Former DOJ lawyer Ronald Sievert says the media has bought into a Clinton camp defense strategy involving whether her email was “marked classified” at the time or not. In a piece for USA Today, Sievert calls this effort a smokescreen and notes the word “classified” does not even appear in the relevant statute:
The applicable statute, 18 USC 793, however, does not even once mention the word “classified.” The focus is on “information respecting the national defense” that potentially “could be used to the injury of the United States or to the advantage of any foreign nation.” 793 (f) specifically makes it a crime for anyone “entrusted with … any document … or information relating to the national defense … through gross negligence (to permit) the same to be removed from its proper place of custody.” A jury (not a Democrat or Republican political administration) is, of course, the best body to determine gross negligence on the facts of this case.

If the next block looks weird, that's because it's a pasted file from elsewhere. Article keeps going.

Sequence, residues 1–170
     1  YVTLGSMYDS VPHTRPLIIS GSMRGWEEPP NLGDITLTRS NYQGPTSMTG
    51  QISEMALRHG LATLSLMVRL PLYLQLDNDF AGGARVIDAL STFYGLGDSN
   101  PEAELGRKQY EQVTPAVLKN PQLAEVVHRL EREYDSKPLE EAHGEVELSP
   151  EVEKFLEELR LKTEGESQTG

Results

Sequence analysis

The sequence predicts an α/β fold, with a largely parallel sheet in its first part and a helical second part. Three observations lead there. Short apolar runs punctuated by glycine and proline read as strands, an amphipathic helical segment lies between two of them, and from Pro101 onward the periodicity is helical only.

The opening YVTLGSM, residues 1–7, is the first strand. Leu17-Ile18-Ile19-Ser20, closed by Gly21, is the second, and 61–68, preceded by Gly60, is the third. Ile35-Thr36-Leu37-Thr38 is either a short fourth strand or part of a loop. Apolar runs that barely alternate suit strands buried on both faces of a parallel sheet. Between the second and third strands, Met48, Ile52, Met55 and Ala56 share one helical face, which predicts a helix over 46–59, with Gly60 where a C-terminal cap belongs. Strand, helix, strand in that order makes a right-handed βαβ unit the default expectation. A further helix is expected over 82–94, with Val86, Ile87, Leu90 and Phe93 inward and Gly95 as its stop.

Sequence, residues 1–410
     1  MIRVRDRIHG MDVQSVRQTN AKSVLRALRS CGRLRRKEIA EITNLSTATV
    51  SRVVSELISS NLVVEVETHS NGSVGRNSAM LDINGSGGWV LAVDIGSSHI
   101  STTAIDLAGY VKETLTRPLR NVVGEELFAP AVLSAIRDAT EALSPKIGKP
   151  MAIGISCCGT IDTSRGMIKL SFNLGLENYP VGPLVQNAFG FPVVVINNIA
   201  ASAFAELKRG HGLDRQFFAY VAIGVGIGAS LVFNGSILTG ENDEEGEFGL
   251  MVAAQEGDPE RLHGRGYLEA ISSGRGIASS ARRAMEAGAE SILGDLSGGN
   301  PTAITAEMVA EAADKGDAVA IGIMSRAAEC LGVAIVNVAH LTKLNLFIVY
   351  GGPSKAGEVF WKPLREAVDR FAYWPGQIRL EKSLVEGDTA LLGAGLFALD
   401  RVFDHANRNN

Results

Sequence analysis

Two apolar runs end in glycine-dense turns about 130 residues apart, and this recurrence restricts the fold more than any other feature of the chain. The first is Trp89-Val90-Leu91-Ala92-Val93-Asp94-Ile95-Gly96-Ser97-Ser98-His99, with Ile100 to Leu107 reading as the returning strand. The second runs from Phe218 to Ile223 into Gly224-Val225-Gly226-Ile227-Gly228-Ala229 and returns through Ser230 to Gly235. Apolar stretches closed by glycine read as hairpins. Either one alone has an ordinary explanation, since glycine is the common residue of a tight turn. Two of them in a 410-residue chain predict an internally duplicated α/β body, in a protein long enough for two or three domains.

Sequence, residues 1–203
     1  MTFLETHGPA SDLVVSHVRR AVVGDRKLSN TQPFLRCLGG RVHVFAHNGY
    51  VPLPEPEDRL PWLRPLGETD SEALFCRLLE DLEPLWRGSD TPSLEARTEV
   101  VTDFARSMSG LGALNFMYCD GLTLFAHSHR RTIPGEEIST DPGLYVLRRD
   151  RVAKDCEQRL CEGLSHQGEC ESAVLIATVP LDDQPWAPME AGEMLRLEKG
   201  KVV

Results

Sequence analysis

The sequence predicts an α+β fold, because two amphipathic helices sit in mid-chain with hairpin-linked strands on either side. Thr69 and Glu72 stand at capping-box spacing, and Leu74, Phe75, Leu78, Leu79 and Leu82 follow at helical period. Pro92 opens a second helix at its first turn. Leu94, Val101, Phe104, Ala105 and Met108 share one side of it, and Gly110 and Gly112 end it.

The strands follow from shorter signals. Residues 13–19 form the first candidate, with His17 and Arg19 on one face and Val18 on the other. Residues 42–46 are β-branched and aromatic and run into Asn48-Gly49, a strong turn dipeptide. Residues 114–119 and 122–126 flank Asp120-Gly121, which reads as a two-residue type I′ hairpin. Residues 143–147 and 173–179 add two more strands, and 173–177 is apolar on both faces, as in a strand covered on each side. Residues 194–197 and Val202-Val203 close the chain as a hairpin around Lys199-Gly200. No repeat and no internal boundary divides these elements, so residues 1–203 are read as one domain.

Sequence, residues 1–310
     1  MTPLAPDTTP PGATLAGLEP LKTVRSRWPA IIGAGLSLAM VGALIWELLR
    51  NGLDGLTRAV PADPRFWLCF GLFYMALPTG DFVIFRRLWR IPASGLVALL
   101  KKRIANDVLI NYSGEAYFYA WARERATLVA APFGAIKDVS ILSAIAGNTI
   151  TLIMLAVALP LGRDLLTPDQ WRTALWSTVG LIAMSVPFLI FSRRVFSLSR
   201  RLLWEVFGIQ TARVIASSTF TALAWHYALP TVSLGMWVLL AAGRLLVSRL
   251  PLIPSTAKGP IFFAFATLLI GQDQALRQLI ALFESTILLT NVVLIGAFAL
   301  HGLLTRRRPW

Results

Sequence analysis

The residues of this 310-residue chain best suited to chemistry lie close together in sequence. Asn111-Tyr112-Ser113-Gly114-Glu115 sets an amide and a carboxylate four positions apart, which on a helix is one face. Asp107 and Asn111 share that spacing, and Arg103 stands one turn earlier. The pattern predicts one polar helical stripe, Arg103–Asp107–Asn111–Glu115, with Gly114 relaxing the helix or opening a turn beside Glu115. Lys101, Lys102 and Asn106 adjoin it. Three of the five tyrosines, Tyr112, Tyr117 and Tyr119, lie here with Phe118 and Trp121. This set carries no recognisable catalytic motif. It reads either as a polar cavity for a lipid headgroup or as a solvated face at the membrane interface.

The courts have held repeatedly that “national defense information” includes closely held military, foreign policy and intelligence information and that evidence that the information is classified is not necessary for a prosecution. Evidence that the information was upon later review found to be classified, however, as is the case with approximately 2,000 Clinton messages, is of course one kind of proof that the information met the test of “national defense information” in the first place.
Sievert argues that the media has failed to press Clinton on this point for one of two reasons. Either they are not familiar with the relevant statute and therefore don’t have enough information to know when Clinton’s camp is selling them a line or they are simply not inclined to damage the leading contender for the Democratic nomination.
Although Sievert believes the case would best be left up to a jury, he joins the list of people skeptical the case will ever get that far. He writes, “it is likely that, at this very moment, many good lawyers at DOJ may be using all sorts of sophistry and rationalization to try to avoid applying the plain language of the law to Hilary Clinton.”
In other words, important people with high-powered lawyers are likely to get a slap-on-the-wrist, if anything, even as lower-ranked individuals are prosecuted for similar abuses. As former CIA analyst Melvin Goodman told the Washington Post back in 2000, “Important people seem to get away with more than lesser people.”